Helsinki Principles: Israel Was in the Right
A perusal of The Helsinki Principles on the Law of Maritime Neutrality, a basis for international law on the subject, shows that Israel was well within its prescriptions in forcibly stopping the Gaza-bound flotilla.
The relevant clauses in the Helsinki Principles read as follows:
5.1.1 Neutral ships in belligerent ports
A neutral ship in a belligerent port enjoys the same protection against attacks as civilian objects in land warfare… Neutral warships in belligerent ports retain their right of self-defense.
5.1.2 Protection against attacks
(3) Merchant ships flying the flag of a neutral State may be attacked if they are believed on reasonable grounds to be carrying contraband or breaching a blockade, and after prior warning they intentionally and clearly refuse to stop, or intentionally and clearly resist visit, search, capture or diversion.
(4) Merchant ships flying the flag of a neutral State may be attacked if they
(a) engage in belligerent acts on behalf of the enemy;
(b) act as auxiliaries to the enemy’s armed forces;
(c) are incorporated into or assist the enemy’s intelligence system;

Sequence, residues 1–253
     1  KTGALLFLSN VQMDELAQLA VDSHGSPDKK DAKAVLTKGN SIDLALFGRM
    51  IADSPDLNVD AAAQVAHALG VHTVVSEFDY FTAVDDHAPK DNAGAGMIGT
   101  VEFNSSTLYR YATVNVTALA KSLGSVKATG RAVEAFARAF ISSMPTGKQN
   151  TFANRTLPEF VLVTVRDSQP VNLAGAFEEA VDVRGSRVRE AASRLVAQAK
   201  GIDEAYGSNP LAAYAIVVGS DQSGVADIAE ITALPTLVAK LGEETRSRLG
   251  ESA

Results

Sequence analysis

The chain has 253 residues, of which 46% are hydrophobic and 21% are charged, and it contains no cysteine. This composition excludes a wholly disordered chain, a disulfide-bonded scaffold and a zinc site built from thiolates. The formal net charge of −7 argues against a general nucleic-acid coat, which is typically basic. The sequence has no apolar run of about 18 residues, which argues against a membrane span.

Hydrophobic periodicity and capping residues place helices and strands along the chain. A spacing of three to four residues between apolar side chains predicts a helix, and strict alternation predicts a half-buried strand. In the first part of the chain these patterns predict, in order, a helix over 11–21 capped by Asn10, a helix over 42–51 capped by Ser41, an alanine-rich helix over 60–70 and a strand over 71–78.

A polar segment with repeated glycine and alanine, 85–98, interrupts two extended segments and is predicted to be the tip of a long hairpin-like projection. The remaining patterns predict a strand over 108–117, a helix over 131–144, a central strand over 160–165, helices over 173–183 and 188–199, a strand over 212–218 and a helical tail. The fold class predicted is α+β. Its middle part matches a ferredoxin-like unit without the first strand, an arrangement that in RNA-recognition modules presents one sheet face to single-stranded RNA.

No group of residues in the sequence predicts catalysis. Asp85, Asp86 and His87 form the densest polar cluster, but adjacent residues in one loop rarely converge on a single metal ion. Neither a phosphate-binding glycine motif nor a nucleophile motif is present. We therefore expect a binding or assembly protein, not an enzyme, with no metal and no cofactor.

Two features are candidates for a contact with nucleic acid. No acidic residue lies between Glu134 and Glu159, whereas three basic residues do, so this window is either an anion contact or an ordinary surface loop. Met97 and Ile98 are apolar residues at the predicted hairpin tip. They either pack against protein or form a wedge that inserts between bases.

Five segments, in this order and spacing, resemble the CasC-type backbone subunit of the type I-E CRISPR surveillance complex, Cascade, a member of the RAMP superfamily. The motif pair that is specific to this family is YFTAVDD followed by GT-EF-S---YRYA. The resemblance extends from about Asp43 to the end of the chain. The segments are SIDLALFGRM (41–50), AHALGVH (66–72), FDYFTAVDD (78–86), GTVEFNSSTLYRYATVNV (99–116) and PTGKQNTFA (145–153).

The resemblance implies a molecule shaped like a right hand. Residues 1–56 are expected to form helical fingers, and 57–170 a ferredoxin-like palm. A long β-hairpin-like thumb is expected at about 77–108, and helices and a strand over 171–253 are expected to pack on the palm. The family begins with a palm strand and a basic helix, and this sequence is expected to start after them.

(d) sail under convoy of enemy warships or military aircraft; or
(e) otherwise make an effective contribution to the enemy’s military action, e.g., by carrying military materials, and it is not feasible for the attacking forces to first place passengers and crew in a place of safety. Unless circumstances do not permit, they are to be given a warning, so that they can re-route, off-load, or take other precautions.
5.2.1 Visit and search
… [B]elligerent warships have a right to visit and search vis-à-vis neutral commercial ships in order to ascertain the character and destination of their cargo. If a ship tries to evade this control or offers resistance, measures of coercion necessary to exercise this right are permissible. This includes the right to divert a ship where visit and search at the place where the ship is encountered are not practical.
Blockade, i.e. the interdiction of all or certain maritime traffic coming from or going to a port or coast of a belligerent, is a legitimate method of naval warfare. In order to be valid, the blockade must be declared, notified to belligerent and neutral States, effective and applied impartially to ships of all States. A blockade may not bar access to neutral ports or coasts. Neutral vessels believed on reasonable and probable grounds to be breaching a blockade may be stopped and captured. If they, after prior warning, clearly resist capture, they may be attacked.